Pi Campus recently closed an investment in Allelica, an Italian startup founded by researchers who left the University of Oxford and Sapienza University of Rome to bring the Polygenic Risk Score, not yet taught in universities, directly to the market. The investment is part of a $ 1.75 million round led by Valor Ventures and Sternberg Health: the money raised will be used to spread the technology in the United States and commercialize a suite of cardiovascular disease prevention tools in Italy. Allelica – founded in 2018 by George Busby, Giordano Bottà e Paolo Di Domenico – recently published a paper in the world‘s first journal of cardiology showing that the effect of “bad” cholesterol on the risk of developing myocardial infarction also depends on genes. “There is still an incredible amount of value that needs to be extracted from the DNA and Allelica is creating the technologies to do so,” says Pi Campus CEO. Marco Trombetti.
The effect of LDL cholesterol. Thanks to the PRS analysis software developed by Allelica, the data showed that the combination of information on the patient’s genetic risk with his or her LDL cholesterol level allows the identification of people at increased cardiovascular risk who would otherwise be invisible to traditional risk models. These high-risk people potentially need adequate drug treatment. Cardiovascular disease is the leading cause of death in Europe, accounting for nearly 4 million deaths (43% of all deaths) in 2016. Also in Italy they still represent the main cause of death (Istat 2018 data), being responsible for 34.8% of all deaths (31.7% in males and 37.7% in females). Significant data: 40% of adults have at least 3 of the modifiable cardiovascular risk factors, such as hypertension, hypercholesterolemia, sedentary lifestyle, smoking, excess weight, low consumption of fruit and vegetables (Heart Project data)
The study published in Circulation shows, in particular, that people with average levels of LDL cholesterol (130-160 mg / dl) but with a high polygenic score have an equivalent risk of suffering from cardiovascular disease and heart attack compared to people with hypercholesterolemia (> 190 mg / dl ) but with an average PRS. Research has also shown that people with high polygenic scores with respect to coronary heart disease can reduce the risk of the disease by bringing it into the population average if they maintain optimal LDL levels (<100 mg / dL). On the other hand, individuals with a low polygenic score do not present an increased risk with increasing LDL levels.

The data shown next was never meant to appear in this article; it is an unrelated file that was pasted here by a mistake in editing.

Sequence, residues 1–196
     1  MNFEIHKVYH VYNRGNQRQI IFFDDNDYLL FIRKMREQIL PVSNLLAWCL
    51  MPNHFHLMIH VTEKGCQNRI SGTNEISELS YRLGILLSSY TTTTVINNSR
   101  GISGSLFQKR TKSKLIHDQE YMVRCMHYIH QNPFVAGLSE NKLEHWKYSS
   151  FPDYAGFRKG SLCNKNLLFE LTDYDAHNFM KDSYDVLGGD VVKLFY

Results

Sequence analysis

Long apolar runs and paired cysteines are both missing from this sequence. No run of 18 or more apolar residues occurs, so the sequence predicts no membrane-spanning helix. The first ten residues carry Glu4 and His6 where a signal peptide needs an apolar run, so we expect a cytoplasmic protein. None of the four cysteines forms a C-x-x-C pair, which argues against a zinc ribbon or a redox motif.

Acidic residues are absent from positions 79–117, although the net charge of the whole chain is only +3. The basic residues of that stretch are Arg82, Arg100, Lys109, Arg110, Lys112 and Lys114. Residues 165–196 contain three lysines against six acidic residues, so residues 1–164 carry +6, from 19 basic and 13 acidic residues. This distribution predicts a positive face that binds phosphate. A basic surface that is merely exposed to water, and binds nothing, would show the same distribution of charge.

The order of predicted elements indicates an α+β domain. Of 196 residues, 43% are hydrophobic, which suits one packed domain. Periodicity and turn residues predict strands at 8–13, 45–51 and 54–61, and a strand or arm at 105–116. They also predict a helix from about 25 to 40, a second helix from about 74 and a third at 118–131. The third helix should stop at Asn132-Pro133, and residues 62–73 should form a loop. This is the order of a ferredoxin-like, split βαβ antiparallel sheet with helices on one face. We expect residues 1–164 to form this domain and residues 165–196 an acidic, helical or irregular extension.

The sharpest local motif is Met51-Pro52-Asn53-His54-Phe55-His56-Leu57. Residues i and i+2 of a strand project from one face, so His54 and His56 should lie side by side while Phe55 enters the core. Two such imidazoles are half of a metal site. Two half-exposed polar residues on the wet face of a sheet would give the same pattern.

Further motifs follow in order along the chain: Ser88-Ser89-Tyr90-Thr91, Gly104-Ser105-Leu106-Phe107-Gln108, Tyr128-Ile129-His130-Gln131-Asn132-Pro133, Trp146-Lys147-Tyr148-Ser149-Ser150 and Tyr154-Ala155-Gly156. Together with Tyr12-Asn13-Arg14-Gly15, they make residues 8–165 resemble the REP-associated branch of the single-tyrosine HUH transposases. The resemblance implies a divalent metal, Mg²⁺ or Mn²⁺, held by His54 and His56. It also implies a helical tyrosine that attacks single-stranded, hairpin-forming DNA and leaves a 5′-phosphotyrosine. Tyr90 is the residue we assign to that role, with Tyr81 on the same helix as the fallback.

“In clinical practice there was an information gap: for example, atherosclerotic plaque formations can be observed in patients despite low LDL cholesterol levels and the absence of risk factors known to be associated with this condition; to date, a study had not yet been carried out. systematic on how the genetic predisposition linked to the LDL cholesterol level influences the risk of myocardial infarction “underlines Giordano Bottà, PhD, CEO of Allelica. “Our coronary heart disease PRS analysis tool, based on a new scoring with better predictive power than all previously published, allowed us to understand how LDL cholesterol does not affect cardiovascular risk for all people. in the same way “.
“The risk of an individual of having a heart attack or stroke is determined by the interaction of many elements, being multifactorial and polygenic. Today the results of this new cardiovascular polygenic risk score (PRS) open interesting clinical perspectives for our patients. , demonstrating that an individual’s cardiovascular risk depends on a correlation between LDL cholesterol and genetic risk “explains Professor Ciro Indolfi, president of SIC (Italian Society of Cardiology). “The study, published in Circulation, carried out on more than 400,000 individuals, has shown that the risk of heart attack and stroke conferred by “bad” cholesterol (LDL-C) is modified by an individual’s genetic background. This study suggests that the greatest benefits of LDL-C lowering drugs would be obtained in individuals with high polygenic risk scores (PRS). “The study” concludes Indolfi, “showed that in patients with high PRS the increase in cardiovascular risk, with the same LDL cholesterol, was twice that of the intermediate PRS group”. The PRS is also able to accurately identify those individuals who, despite being indicated as needing a therapeutic intervention, according to current guidelines, are not actually at high cardiovascular risk based on their genes and LDL levels, and therefore could potentially avoid treatment.